After a design by Charles Le Brun (1619–1690)
Woven at the workshop of Etienne Le Blond (1652–1727) and Jean de La Croix (1628–1712) at the Manufacture Royale des Gobelins
Winter, from The Seasons, 1700/20
Wool and silk, slit and double interlocking tapestry weave
540.07 x 384.81 cm (212 5/8 x 151 1/2 in.)
Gift of the Hearst Foundation in memory of William Randolph Hearst, 1954.261
Winter, from the series The Seasons, depicts Saturn and Juventas floating on a cloud in a barren landscape. The god of agriculture and time, Saturn is depicted with an hourglass. Juventas, as her cup suggests, pours the nectar of the gods at their banquets on Mount Olympus. The instruments and mask at her feet allude to ballet performances and masked balls, favorite pastimes of the French court. The wreath contains a ballet scene. The foreground shows winter vegetables, hunting gear, and the results of a successful hunt, which links Winter to Autumn. In the distance are the Porte de la Conférence and part of the Château de Tuileries, both in Paris. Both Winter and Autumn carry identical borders showing interlocking Ls, the cipher of Louis XIV (r. 1643–1715) and Louis XV (r. 1715–74); these are supplemented by additional devices of armor, juxtaposed and intertwined with floral garlands at both ends.
— Exhibition label, The Divine Art: Four Centuries of European Tapestries, November 1, 2008–January 4, 2009, Regenstein Hall.
Winter presents a barren landscape, above which Saturn (the god of agriculture and time) and Juventas (the cupbearer to the gods on Mount Olympus) repose on a large cloud. The musical instruments and the mask at Juventas’s feet allude to ballet performances and masked balls—the favorite pastimes of the French court—while Saturn holds a floral wreath that features a ballet scene. In the foreground, a variety of winter vegetables are visible, along with a cage, nets, a gun, and game of various kinds: the results of a successful hunt. The buildings on the right of the tapestry are identified as the Palais du Louvre in Paris. The border imitates a gilt wood frame and contains interlocking Ls, the cipher of the French king Louis XIV (r. 1643–1715). It is supplemented by additional devices of armor above and below, juxtaposed and intertwined with floral garlands at both ends. The tapestry is from a series based on the four seasons (Autumn is also in the Art Institute’s collection), after a design by Charles Le Brun, who was appointed director of the Gobelins Manufactory in 1663.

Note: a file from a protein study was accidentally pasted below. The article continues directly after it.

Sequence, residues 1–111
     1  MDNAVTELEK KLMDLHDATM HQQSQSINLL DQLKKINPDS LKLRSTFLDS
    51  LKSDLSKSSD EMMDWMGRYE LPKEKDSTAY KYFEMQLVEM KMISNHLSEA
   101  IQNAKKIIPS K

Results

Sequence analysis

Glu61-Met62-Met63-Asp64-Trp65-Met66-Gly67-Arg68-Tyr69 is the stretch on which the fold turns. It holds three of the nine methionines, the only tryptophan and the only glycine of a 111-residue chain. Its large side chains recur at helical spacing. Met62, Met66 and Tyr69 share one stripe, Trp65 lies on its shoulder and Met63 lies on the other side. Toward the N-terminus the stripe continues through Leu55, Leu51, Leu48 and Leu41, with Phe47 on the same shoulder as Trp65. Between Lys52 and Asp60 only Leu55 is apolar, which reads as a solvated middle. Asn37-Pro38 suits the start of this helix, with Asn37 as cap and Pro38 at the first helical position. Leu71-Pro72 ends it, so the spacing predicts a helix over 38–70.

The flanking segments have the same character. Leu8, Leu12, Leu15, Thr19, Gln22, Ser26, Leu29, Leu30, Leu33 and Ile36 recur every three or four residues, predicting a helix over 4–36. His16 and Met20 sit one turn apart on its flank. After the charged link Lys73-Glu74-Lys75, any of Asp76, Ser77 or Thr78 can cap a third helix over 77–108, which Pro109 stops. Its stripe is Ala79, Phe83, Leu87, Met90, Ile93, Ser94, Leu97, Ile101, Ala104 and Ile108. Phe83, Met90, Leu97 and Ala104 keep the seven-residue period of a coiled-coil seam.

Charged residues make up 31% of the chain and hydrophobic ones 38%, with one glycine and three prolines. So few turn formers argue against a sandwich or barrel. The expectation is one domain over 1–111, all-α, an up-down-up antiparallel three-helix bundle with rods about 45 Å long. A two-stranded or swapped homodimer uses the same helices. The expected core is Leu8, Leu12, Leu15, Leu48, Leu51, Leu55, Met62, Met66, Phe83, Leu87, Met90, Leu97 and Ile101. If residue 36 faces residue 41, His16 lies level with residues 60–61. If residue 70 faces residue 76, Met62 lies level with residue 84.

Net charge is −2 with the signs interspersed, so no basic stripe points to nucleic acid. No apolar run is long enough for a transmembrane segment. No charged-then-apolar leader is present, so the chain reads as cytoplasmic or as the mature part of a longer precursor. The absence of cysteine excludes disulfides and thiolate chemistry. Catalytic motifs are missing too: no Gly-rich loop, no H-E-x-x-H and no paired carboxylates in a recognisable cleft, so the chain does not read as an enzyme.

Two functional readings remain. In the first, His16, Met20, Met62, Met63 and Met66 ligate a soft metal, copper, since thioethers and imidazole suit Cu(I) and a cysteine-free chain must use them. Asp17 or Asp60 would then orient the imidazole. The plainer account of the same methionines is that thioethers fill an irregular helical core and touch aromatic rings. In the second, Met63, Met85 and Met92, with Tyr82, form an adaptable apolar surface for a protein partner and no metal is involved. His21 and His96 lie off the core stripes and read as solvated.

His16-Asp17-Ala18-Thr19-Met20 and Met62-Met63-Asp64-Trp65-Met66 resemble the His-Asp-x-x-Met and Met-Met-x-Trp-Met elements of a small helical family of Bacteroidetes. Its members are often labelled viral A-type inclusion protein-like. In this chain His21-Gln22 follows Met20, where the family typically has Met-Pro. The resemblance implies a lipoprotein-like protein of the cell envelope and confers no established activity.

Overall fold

— Entry, Essential Guide, 2013, p. 339.